With a high degree of true faith, there comes greater energy in the practice; and when one practices energetically with firm faith, the entire personality potency of the being comes ingathered, collected and centralized. There is recollectedness. There is lesser room for the possibility of dispersal of one’s energy in the practice. One’s personality is not scattered. All faculties become centered to this one effort, this one goal. And with ingatheredness brought about by faith and energy more and more, comes deeper and deeper absorption, and this leads to illumination. In this way if the aspirant proceeds, then he gradually begins to reach a deep state of concentration where he is totally absorbed within.


        Different states of the concentration are listed as the stages where one is absorbed upon an object. First is concentrating upon the object as it presents itself through one’s consciousness. In the second stage, one goes beyond the mere appearance of the object goes deeper into the consideration of the very essence of the object. Then one goes beyond the name and form of the object and the whole concentration goes upon the perceptual process of the mind itself. Concentration shifts from the object to the area of the mind. Ultimately, even this is left behind and concentration becomes involved in the subject who is doing these processes. So, one concentrates upon the mere fact of one’s being. That is awareness of oneself. These are the four stages of the one aspect of absorption. In the second stage there is no object at all. So the external world is no longer the field of focus of the mind of the yogi, but the internal world, that which is groundwork of dreams is in focus. So, the concentration takes place only upon the submerged impressions of previous experiences. This is a very subtle state of concentration.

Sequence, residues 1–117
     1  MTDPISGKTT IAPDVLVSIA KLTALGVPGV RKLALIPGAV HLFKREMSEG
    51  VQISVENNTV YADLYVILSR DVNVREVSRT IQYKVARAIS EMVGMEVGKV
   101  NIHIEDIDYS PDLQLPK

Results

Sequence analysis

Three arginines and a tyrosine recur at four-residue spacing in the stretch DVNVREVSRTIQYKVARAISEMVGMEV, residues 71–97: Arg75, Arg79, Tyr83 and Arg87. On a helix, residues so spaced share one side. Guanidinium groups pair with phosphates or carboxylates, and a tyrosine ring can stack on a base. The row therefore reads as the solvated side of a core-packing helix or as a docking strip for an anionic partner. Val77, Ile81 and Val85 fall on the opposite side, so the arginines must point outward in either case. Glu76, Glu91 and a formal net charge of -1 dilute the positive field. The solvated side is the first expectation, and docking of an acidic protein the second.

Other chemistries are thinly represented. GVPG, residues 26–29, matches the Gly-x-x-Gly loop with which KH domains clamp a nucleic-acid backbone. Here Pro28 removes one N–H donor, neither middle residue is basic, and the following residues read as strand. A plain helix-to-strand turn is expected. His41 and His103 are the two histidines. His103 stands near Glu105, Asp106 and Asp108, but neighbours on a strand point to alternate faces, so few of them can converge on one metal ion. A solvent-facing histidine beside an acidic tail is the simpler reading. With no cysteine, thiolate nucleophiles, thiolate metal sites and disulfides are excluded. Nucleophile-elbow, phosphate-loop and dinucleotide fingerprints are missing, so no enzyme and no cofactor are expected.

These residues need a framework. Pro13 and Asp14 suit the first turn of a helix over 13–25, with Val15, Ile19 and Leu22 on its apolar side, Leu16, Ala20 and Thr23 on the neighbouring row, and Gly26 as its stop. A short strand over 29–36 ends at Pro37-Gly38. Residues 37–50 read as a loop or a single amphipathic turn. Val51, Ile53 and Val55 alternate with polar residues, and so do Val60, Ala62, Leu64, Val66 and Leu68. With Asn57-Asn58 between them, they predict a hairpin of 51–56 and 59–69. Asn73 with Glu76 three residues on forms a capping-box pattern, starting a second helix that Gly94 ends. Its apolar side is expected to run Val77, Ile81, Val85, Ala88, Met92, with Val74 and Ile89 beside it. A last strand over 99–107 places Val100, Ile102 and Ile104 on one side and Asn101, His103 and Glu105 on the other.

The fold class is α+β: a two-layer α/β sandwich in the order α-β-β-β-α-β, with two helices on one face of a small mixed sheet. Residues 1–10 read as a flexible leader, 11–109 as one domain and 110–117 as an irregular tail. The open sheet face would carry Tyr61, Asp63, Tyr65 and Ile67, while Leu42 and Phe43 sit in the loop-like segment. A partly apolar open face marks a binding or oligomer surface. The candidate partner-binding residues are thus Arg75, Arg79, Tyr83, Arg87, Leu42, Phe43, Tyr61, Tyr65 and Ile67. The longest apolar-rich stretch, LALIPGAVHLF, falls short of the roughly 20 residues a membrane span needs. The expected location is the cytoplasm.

This is the second type of inner state of concentration, the same concentration but without object. Another means to succeed in such concentration, was also mentioned here. This shows how Yoga is very much involved in religions. Yoga, though it transcends any specific religion, is the most universal and in the basic sense of the term, Yoga is very much involved in religion. It concerns itself with the spirit of true religion. What is that spirit of universal religion? Individuals journey back into the universal. It is the quest of the human towards the Divine, or the finite moving towards its merger into Infinite, man to God. This is the essence of all religions. The universal essence, the basic process of religion, is to take the individual back into his eternal relatedness to the universal. Theologically, it is said that it is the great quest for God. And thus here, this aspect of Yoga is brought out very clearly, when Patanjali said that the success in such concentration may also be brought about by devotion to God and that devotion to God can lead you to Samadhi. Here, he devotes a Sutra to define what the concept of God is.


        God is the Supreme Being who transcends this world-process, who is not caught and enmeshed, an ever-liberated Supreme Principle that transcends the world-process, independent, beyond all possibilities of ignorance. It is the nature of pure Jnana or Knowledge. It is all the contrary to our present consciousness. Our consciousness is limited by the finite objects of a temporary nature. Our consciousness is coloured by ignorance, false perception. This Being is of the very nature of pure Jnana or Knowledge, whereas man also has knowledge, but he has got only limited knowledge. Patanjali says that God is unlimited, infinite Being characterised by infinite wisdom, transcending the world-process, a Being in a state of absolute independence, a liberated Being. That is his definition of Isvara, God.